Offering a 401(k) plan helps create an attractive benefits package for keeping employees long term. Most employers with over 100 employees participating in the retirement plan will need to complete a 401(k) audit. As the owner of the company or plan administrator, preparing for the audit is crucial for a successful process.
Tips for a Successfully Completing a 401(k) Audit
A retirement plan audit can be a stressful time for company owners, record keepers, office managers, and employees. Implementing strict company procedures and following basic tips for completing a successful 401(k) audit will help ease the tension of the experience.
Keep Accurate Records
Preparing for a 401(k) audit should be an ongoing process throughout the fiscal year. Keep accurate records of all your employees. Know the types of documents your company needs for each full-time employee, part-time employee, apprenticeship participant, or temporary employee.
Keeping an accurate file for each employee reduces the chance of misinformation. Long-term employees may have lengthy files. Develop and place an outline or cover page for ease of viewing.
- Update contact information for all employees
- Record any changes in employment status including compensation increases, termination, or retirement dates
- Name changes due to marriage or divorce proceedings
- Plan participant details for each employee including loans, if applicable
- Records of employees who opt out or terminate being part of the plan
- Changes to the plan at employee’s request
- Preview documents with needed employee signatures
- Payroll journals with employee compensation and withholdings matching the 401(k) contributions
Contact an Independent CPA Firm
An independent accounting firm must perform the 401(k) audit. Your accountant or accounting firm is not eligible. Finding the right firm is crucial. An experienced firm will provide dates, guides, checklists, and other materials to help you with the auditing process. Ask your current accounting firm for recommendations.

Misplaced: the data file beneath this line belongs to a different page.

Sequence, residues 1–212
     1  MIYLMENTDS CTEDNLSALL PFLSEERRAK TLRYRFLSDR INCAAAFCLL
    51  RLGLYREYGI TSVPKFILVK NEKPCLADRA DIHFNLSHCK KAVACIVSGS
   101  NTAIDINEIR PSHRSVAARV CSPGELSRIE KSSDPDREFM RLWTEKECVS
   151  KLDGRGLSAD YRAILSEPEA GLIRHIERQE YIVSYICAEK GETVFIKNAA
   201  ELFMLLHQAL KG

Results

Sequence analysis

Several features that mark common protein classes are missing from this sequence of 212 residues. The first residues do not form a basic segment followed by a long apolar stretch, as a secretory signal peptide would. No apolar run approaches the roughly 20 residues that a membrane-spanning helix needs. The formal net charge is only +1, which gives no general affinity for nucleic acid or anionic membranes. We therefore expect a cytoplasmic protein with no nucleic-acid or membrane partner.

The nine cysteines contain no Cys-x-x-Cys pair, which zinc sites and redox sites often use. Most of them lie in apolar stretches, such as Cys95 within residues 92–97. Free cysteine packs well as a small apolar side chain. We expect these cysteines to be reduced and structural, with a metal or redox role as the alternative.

Being prepared is a must. A late audit report may result in severe fines and penalties for your business. Alert your bookkeeper or office manager of the upcoming audit as soon as possible. An auditor may spend one day or a week reviewing your accounting practices to ensure compliance. Notification allows your staff to gather the necessary documents, amendments or other plan changes for a faster audit review.
Ask for the Checklist
Requesting a checklist from the auditor, accounting firm or the IRS helps in the preparation process. The checklist is generally part of the audit request letter. Using the checklist allows you to prepare needed documents or dismiss any non-applicable information.
Review Your 401(k) Plan
Go over your plan details including any amendments to ensure you are operating the 401(k) within the policy guidelines. Provide documentation of the original plan and any changes.
If you hold regular meetings to discuss any of the 401(k) investments, expenses or plan changes, keep minutes. Detail the topic of discussion, reasons for concern, and steps for addressing the issue. Document the names of employees or advisory board members participating in the meeting.
Being prepared for a 401(k) audit ensures successful completion. By starting to gather documents early, you will be able to find and address any errors. Fixing the errors prior to the audit helps contribute to a successful experience. The experienced CPAs at Ernst Wintter & Associates can help your organization through the audit process and ensure you are better prepared next year. Contact us today to schedule an appointment!